At 42.7%, people of color still represent a minority of the US population, but they make up the majority of ticket buyers for most of 2021’s highest-grossing movies.
In the film-focused first part of their 2022 Hollywood Diversity Report, UCLA researchers Darnell Hunt and Ana-Christina Ramón found that six of last year’s top 10 films attracted a large share of the audience. large white audience on opening weekend (including box office king Spider-Man: There’s no way homewith a POC audience rating of 60%), as well as two of the top 10 streaming movies (by Netflix Vivo and by Amazon To 2 Americas).
“Every time a major film exceeds expectations or breaks records, 53% to 60% of opening weekend audiences are people of color,” Ramón said in a statement. “Essentially, people risked their lives to go to the movies during the pandemic. For people of color and especially Latino families, movie theaters provided an excursion when most things were closed. In a sense, people of color have really kept the studios alive over the past few years. Studios should consider them investors, and as investors, they should receive their profits, in the form of representation. ”
Analysis of the eight highest-grossing actors in each of 252 English-language titles in 2021 (including the top 200 highest-grossing films worldwide as well as films released by major broadcasters), research New research found that people of color – when counted as a whole – achieve screen-to-screen ratio (43.1 percent) but not directors (30.2 percent) and screenwriters ( 32.3 percent). The majority (31%) of movies in last year’s sample had casts of more than 50% white, a stark contrast from a decade ago, when the majority of films (51.2%) had more than 90% skin White.
“We suspect this is at least due to the overwhelming impact of the sheer number of movies we analyzed being streamed for streaming,” says Hunt. The study reports that the majority (45.6%) of 2021 releases are stream-only, while only 17.9% receive a “traditional” theatrical-only release.
Looking at movies that only hit theaters by their percentage of non-white casts, the film with the highest average global box office ($107.4 million) has between 21 and 30 percent human actors. skin color. This same diversity ratio is also true among streaming movies (as measured by average ratings) in white, Latino, and Asian households, even though black households and viewers 18- 49 peaked with titles with a majority POC cast, of which 72 are due to be released in 2021, including Raya and the last dragon, Vivo, To 2 Americas and Mortal Kombat.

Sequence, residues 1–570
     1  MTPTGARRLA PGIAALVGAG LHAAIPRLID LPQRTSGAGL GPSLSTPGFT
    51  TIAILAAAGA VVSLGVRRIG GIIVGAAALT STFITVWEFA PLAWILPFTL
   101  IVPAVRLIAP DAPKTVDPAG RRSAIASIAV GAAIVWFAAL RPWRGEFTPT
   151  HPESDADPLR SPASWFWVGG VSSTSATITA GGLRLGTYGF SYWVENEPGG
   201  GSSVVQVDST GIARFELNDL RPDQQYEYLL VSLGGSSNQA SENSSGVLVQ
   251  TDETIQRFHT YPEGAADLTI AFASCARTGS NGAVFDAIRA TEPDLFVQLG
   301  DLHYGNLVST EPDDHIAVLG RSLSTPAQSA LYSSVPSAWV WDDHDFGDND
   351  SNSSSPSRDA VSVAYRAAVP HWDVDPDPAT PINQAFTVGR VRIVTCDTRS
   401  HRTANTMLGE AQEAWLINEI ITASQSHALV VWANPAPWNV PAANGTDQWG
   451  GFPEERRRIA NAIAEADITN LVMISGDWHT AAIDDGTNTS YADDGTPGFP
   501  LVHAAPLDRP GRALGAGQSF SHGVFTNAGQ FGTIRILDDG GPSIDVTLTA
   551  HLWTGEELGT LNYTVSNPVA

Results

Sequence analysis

“We think this dual release strategy could live here, and could have a lasting impact on the before and after camera diversity metrics going forward as studios think about how to fund content. for different platforms,” added Hunt.
Although the study did not cross-reference film budgets by distribution strategy, the authors looked at budgets by race and gender of stars and directors. It’s a little different when it comes to the main character race, but nearly half (45.9%) of films with female leads have low budgets (under $10 million) with only 4.6% of their films having budget of more than 100 million USD, while the male lead film was spread more widely. Directors who are not white or male also have a larger disparity in film budgets, with 40.3% of films directed by the global majority and 47.1% of films by women. directorships pegged at less than $10 million (compared to 28.6 percent and 28.2 percent of films directed by white men and directors). Women are also $100 million more likely to get a role in a movie than men.
“In 2021, diversity in front of the camera does not mean creating more opportunities for women and people of color filmmakers,” Ramón said in a statement. “They continue to receive less financing, even when they make films with white leads. Most of these filmmakers are relegated to low-budget films. The chronic underinvestment in women and people of color creates limited opportunities for them to showcase their talents to a wider audience.”
The budget deficit increased critical acclaim for more inclusive films. For the first time in the nine-year history of the Hollywood Diversity Report, most films that won at least one Oscar last season featured directors or majors from much of the globe, including Judas and the Black Messiah, Minari, Ghost Rainey’s Black Bottom and soul.
UCLA’s Hollywood Diversity Report is the latest study to be released as another awards season draws to a close. Last week, USC’s Annenberg Inclusion Initiative updated its ongoing demographic analysis of movie characters, while the San Diego State Center for the Study of Women in Television and Film published the most recent report on female representation in film.